In fact to be honest I may be writing this at the wrong time – they generally have an even better collection  and are expecting some new arrivals shortly, but as is often the case the small production indy sherries you can pick up here run out quickly – only yesterday some joker bought the last 2014 Tradicion and the last Maruja Manzanilla Pasada (he looks guiltily at his wine cabinet).

So get down there – and if you don’t believe me read this piece by proper journalist Spanishwinelover.

Cuatrogatos Wine Club

Fede

“Cuatrogatos”, or “four cats”, comes from a joyous Spanish expression meaning “very few people”. I am pretty sure the name was chosen in reference to the very few people that drink the adventurous, indy wines that the club is focussed on but it is also true that there are very few guys around like Federico Ferrer, the fantastic bloke behind the Cuatrogatos Wine Club (for some reason pictured above with something foamy).

My first contact with the Cuatrogatos was last September when looking for one of the most exciting wines of the last year: the Callejuela Manzanilla de Añada. I remember seeing a picture of this revolutionary liquid on twitter and tweeting to find out where I could get it. Within seconds I was directed to the Cuatrogatos – making that my most important tweet of the year by a distance.

Because that amazing wine was the first of many gems I have discovered via the club – other highlights include the El Cerro oloroso, an old vine PX from Callejuela, the spectacular Fino by Alexander Jules (and the Manzanilla which isn’t too shabby either), the Maruja Manzanilla Pasada, the Encrucijado and the Pandorga. And all that was before I managed to persuade the Cuatrogatos to send me the full catalogue and discovered more than a distributor of exciting sherries. The catalogue reads, in fact, like an A-Z of up and coming winemakers in Spain, with names like Zarate, Albamar, Coto de Gomariz, Zorzal, Tentenublo, Barco del Corneta, Charlotte Allen, Silice, Losada, Mengoba, Quinta Milu, Altos de San Esteban, and Bernabé Navarro alongside Alexander Jules, Juan Piñero, Primitivo Collantes, Callejuela and Cota 45.

It is a fantastic selection of stuff that is both interesting in itself and hard to get elsewhere, and a testament to the passion of the guy behind it all. I will never forget meeting Federico earlier this month – not only did he introduce me to one of the most exciting winemaking talents around and help organize an inspirational visit to the vineyards of Jerez and Sanlucar, he brought more than his share of good humour to the party – even as we were pillageing his 100 year old birthday-present amontillado (no greater love hath any wine lover, etc.).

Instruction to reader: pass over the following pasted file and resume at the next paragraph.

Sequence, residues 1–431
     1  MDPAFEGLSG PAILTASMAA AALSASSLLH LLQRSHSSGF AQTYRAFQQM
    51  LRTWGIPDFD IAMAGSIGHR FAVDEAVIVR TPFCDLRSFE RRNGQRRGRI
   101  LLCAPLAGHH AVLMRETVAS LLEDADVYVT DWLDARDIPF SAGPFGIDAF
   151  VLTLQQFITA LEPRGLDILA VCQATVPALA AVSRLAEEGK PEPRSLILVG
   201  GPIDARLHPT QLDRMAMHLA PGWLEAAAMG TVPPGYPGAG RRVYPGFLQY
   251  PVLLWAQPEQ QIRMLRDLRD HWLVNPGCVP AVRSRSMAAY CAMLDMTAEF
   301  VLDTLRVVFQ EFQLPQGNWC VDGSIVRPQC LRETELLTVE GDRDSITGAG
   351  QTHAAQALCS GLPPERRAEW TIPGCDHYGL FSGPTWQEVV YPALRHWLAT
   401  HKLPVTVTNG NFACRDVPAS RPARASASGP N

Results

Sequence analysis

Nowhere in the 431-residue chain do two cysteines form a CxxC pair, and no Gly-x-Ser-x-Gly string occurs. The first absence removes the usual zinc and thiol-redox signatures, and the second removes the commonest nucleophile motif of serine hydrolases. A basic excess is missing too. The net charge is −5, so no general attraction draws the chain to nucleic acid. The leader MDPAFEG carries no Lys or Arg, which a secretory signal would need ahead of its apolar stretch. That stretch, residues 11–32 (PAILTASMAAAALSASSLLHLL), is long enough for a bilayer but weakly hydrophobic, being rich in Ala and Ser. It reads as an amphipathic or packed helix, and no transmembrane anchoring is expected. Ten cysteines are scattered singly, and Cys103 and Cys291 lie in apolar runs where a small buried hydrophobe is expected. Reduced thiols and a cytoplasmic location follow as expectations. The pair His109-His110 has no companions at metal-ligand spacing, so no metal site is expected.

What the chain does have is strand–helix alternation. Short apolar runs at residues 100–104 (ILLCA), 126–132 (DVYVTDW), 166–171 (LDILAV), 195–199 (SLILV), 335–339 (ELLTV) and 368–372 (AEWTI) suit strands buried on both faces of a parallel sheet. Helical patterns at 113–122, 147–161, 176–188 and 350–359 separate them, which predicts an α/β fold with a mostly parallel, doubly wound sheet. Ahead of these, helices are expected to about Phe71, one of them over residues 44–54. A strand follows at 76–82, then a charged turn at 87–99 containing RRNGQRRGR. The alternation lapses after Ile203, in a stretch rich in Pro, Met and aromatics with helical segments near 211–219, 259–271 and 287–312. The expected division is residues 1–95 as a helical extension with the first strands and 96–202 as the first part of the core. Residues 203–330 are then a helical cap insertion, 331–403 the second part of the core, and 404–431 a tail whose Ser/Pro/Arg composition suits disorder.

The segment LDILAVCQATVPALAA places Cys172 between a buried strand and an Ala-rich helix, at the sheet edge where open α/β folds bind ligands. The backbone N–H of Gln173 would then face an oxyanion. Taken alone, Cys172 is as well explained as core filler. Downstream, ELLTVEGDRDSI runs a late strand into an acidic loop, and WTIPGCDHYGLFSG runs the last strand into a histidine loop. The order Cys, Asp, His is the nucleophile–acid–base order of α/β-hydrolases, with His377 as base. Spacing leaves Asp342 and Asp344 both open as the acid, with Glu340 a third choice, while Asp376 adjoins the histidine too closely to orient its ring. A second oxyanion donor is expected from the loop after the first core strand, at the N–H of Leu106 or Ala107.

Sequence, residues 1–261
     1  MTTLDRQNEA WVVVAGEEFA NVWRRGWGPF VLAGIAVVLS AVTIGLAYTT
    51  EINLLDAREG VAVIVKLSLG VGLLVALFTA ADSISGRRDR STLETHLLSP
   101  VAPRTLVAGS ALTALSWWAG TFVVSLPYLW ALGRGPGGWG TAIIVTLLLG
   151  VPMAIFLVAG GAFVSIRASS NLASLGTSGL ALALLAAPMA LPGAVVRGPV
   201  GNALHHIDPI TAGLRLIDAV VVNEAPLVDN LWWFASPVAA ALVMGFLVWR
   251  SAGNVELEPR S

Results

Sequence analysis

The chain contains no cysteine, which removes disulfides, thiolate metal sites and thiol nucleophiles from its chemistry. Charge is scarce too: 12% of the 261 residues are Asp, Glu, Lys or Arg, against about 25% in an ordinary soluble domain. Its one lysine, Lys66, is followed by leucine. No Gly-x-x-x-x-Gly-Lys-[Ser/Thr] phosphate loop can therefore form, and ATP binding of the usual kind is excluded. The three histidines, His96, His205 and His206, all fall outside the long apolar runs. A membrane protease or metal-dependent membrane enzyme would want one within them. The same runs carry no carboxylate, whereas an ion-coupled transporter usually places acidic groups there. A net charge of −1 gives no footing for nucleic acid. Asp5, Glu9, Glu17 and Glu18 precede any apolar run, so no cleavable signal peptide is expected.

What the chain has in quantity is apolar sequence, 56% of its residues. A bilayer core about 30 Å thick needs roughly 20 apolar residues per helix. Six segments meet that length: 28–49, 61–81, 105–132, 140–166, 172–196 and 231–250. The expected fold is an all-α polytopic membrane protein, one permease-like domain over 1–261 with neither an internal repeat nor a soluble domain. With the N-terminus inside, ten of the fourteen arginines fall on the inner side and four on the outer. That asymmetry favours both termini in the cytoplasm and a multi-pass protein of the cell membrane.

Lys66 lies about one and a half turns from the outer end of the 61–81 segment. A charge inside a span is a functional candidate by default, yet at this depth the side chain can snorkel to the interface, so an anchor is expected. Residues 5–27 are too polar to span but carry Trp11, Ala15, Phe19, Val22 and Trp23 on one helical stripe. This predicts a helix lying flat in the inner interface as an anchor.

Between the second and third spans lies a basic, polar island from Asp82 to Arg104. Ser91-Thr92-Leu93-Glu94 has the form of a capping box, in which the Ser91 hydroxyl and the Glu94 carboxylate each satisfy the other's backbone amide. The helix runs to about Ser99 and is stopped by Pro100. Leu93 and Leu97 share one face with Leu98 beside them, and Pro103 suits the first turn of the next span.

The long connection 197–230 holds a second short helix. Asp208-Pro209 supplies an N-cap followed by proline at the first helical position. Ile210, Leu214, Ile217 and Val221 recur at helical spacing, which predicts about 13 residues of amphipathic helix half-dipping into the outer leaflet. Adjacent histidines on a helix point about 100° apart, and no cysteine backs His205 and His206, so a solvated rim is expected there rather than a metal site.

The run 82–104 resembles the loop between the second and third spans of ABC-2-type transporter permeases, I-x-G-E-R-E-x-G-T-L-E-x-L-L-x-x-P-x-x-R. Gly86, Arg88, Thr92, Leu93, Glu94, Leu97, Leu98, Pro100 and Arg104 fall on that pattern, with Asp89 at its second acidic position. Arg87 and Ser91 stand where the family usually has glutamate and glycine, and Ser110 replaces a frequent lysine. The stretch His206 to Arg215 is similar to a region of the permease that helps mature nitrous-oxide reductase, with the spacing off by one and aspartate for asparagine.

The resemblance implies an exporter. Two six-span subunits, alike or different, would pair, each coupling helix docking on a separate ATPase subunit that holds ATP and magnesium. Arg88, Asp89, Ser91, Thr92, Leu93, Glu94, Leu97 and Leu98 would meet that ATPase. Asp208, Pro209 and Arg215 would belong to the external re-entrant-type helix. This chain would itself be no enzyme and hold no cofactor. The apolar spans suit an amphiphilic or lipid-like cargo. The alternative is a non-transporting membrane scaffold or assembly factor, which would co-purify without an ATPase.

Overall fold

The great Marx (G) was famed for not caring to be member of any club that would have him as a member, but even old Groucho would have approved of the Cuatrogatos. As the web says: no membership card is necessary, only the desire to have fun.

Carnet

Tesco, Hampton, Cambs


Quite a strange experience today hunting out sherry here in a big UK supermarket – and an interesting comparison with a Spanish supermarket on the Brit-friendly Costa del Sol.

First, unlike in Spain, in this UK supermarket the sherry was nowhere near the wine section: wine was aisle 16, beer and cider aisle 15 and sherry on the end of aisle 14, after the liqueurs, spirits and port. I find that a bit bizarre I must admit.  

Second, the range of sherries is of course different – both in terms of brands and styles. Brandwise, of the sherries we would get in Spain there are only four – Tio Pepe, Solear, La Gitana and Canasta (and maybe Croft Original and Harveys Bristol Cream, but you wouldn’t call them Spanish brands even if Croft is owned by GB). More importantly, there is a big contrast in terms of styles: including the Spanish interlopers I count three finos and three manzanillas, two amontillados (including the Croft Particular) and one oloroso; compared to 7 creams, 4 medium drys, and 4 pale creams (and four ginger wines). Nine dry sherries against 15 sweet (and I am not sure about Croft Particular – might be 8:16). By comparison with Supersol, the numbers would have been 7 fino, 4 manzanilla, one oloroso, one cream, and three px. Overall 2 sweet blends in Spain (not counting the monovarietal px) against 15 or 16 in the UK. 

Third, although at first it was heartening to see a biggish selection, just as in Supersol, a closer look left me a bit less optimistic. Not a lot of high quality wine here and the price range is depressingly similar. Tio Pepe is almost the most expensive wine in both places. Now Tio Pepe is great, but it is cheap – there were Ports on the shelf next door that were 3, 4 or 5x as expensive as the costliest of the sherries. 

Must admit to being a little disappointed – even if we are talking supermarkets. It seems to me that sherry has a lot of ground to make up (in both countries).